Vice Chancellor for Research Announcement
April 7, 2015
It is with regret that I announce that John Hemminger has decided to step down from his position as vice chancellor for research and return full time to the faculty as a professor of chemistry, effective July 1, 2015. During his nearly five years as vice chancellor, the entire university has benefited greatly from John’s steadfast commitment to increasing our research effort across all our schools and programs, his dedication to the highest standards of compliance, and his national advocacy of greater federal support for basic research.
Among the highlights of his tenure, John significantly increased the campus investment in research infrastructure by providing campus financial support for major facilities that are used by large numbers of faculty and students as they carry out state-of-the-art research.
Working with the Office of University Advancement, John greatly increased the interactions that UCI faculty, staff, and students have with the federal government, both at the policy level with the administration and Congress, and at the agencies that provide the preponderance of funding for the research carried out at UCI. He has recently expanded UCI federal advocacy aimed at the development of major new research funding for the campus. This has resulted in a significant increase in UCI’s reputation among government decision-makers in our nation’s capital.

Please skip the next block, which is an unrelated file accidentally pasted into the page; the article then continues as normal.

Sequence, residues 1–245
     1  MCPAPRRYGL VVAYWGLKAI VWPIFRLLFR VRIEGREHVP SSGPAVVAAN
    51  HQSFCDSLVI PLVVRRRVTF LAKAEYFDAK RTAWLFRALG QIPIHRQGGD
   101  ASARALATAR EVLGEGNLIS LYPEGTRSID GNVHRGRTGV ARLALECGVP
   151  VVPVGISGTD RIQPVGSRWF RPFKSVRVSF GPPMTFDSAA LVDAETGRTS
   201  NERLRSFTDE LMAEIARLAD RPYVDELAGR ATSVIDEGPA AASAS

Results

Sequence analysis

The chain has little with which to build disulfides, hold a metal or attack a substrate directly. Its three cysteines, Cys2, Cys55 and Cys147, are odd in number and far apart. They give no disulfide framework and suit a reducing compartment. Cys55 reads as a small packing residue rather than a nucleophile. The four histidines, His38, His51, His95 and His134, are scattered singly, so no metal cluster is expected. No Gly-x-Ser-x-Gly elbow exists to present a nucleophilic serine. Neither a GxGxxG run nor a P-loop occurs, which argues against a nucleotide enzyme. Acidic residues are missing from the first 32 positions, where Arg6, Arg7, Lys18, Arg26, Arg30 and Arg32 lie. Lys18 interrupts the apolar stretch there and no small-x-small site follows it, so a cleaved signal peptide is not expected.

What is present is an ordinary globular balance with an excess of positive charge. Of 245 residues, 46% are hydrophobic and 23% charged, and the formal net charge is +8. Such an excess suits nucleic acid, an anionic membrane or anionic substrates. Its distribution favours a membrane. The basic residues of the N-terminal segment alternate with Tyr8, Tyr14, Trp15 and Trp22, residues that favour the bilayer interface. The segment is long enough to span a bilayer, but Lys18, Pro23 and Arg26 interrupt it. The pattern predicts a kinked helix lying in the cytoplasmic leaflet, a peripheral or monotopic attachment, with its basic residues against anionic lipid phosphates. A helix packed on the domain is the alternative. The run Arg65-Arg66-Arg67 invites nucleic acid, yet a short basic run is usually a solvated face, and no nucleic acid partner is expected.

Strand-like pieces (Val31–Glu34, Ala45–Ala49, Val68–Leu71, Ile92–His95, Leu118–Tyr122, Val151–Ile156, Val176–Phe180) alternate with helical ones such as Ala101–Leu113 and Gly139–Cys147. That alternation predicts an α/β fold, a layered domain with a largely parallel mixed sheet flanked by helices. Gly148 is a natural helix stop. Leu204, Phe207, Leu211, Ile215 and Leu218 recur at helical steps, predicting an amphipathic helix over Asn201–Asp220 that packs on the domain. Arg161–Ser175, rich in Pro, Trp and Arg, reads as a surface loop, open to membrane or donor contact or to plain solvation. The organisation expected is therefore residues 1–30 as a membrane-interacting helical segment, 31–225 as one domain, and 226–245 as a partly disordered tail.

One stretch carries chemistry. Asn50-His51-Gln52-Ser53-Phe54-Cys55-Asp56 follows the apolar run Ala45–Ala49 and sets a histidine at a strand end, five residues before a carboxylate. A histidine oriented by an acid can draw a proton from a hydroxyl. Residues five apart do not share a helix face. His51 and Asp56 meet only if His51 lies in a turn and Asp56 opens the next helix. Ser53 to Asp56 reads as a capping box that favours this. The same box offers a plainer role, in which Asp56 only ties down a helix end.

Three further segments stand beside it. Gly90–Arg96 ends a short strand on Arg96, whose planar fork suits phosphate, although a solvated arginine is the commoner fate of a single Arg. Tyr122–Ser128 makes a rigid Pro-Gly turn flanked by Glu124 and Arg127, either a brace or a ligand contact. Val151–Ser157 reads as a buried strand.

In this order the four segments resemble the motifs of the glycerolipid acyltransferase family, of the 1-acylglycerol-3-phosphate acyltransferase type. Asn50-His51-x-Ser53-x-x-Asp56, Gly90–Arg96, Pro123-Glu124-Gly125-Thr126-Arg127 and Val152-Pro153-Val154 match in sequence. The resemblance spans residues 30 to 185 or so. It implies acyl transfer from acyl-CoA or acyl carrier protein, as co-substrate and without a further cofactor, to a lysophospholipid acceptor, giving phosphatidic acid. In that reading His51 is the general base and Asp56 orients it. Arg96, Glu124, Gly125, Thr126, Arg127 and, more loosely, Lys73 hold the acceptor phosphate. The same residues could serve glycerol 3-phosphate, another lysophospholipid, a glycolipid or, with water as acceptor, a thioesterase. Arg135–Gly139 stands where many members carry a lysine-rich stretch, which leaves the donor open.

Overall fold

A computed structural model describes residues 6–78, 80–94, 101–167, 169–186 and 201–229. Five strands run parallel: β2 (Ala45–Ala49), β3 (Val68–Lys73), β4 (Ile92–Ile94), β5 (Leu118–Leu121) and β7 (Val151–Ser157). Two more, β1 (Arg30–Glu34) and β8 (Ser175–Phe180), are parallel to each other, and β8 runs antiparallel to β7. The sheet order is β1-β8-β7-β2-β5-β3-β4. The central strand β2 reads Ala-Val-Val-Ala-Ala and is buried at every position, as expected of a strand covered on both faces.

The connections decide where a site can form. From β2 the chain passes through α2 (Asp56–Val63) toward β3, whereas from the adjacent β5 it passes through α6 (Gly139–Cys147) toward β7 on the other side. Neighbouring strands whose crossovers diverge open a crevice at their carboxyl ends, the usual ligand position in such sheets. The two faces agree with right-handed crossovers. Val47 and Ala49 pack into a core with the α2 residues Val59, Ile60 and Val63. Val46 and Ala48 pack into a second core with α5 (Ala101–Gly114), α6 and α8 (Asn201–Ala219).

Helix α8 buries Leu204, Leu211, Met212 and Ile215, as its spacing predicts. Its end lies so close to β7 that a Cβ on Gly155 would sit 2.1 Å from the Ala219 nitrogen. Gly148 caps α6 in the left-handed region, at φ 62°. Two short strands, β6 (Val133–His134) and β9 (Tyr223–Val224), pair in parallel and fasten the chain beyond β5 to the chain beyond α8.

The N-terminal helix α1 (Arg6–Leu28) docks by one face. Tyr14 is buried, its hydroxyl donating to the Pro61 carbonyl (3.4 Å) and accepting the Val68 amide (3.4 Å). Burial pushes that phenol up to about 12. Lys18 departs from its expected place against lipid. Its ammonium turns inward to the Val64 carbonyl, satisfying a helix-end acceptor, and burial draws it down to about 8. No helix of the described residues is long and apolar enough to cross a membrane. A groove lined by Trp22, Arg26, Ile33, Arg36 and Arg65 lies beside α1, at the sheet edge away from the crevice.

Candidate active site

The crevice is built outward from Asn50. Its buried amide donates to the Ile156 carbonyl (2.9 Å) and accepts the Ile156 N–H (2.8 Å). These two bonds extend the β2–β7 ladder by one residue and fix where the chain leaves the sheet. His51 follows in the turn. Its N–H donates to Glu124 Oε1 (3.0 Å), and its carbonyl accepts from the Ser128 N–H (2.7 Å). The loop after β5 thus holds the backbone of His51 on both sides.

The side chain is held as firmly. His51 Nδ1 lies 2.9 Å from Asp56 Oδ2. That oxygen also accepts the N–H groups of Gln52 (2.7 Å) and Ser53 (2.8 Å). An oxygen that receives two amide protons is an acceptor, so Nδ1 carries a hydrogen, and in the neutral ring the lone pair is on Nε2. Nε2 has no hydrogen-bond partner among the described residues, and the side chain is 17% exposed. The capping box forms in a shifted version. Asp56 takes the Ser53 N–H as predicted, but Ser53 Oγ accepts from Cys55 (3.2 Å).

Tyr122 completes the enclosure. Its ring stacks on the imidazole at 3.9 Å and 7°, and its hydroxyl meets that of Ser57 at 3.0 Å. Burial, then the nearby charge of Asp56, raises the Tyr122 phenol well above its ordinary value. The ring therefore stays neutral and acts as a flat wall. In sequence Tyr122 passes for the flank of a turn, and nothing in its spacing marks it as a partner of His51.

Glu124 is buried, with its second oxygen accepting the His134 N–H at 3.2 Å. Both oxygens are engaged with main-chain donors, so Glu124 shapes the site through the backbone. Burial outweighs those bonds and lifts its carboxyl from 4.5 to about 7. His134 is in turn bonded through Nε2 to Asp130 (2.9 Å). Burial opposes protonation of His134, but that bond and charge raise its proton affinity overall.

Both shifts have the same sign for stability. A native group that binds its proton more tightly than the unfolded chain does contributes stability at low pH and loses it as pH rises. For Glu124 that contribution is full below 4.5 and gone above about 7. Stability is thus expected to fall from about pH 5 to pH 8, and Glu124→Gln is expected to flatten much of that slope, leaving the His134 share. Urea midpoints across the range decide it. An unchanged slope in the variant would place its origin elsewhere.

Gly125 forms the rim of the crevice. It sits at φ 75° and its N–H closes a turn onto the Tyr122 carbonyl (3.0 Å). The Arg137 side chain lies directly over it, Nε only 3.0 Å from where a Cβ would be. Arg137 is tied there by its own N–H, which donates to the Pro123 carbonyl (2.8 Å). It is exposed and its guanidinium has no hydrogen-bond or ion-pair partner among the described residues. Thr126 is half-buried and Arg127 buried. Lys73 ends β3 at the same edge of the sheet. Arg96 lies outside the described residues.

John led the planning for and launch of the newly established UC Irvine Institute for Innovation, the focal point of spurring the use of our academic research into innovative products and applications that benefit the world, and initiated a strategic plan to increase the level of annual extramural funding for UCI research from $300 million to $500 million, a central pillar of our plans to advance as a globally preeminent university.
An alumnus of UCI and Harvard University, John joined the UCI faculty in 1978. A nationally recognized surface chemist, his research has yielded significant advances in nanotechnology manufacturing, efforts to combat atmospheric pollution, and solar fuels. In addition to serving as vice chancellor for research, he has, among other roles, served as chair of the Department of Chemistry, director of the Institute for Surface and Interface Science, co-director of the Center for Solar Energy, dean of the School of Physical Sciences, and chair of the federal Basic Energy Sciences Advisory Committee. He has won major research awards and fellowships from the American Chemical Society, American Vacuum Society, National Science Foundation, Alfred P. Sloan Foundation, American Physical Society, American Association for the Advancement of Science, and the Alexander von Humboldt Foundation.
John Hemminger is an exceptional scientist, a talented leader, and a valued campus collaborator. I know all of you join me in thanking him for his years of extraordinary service. We will soon undertake a search for his successor.
Chancellor Howard Gillman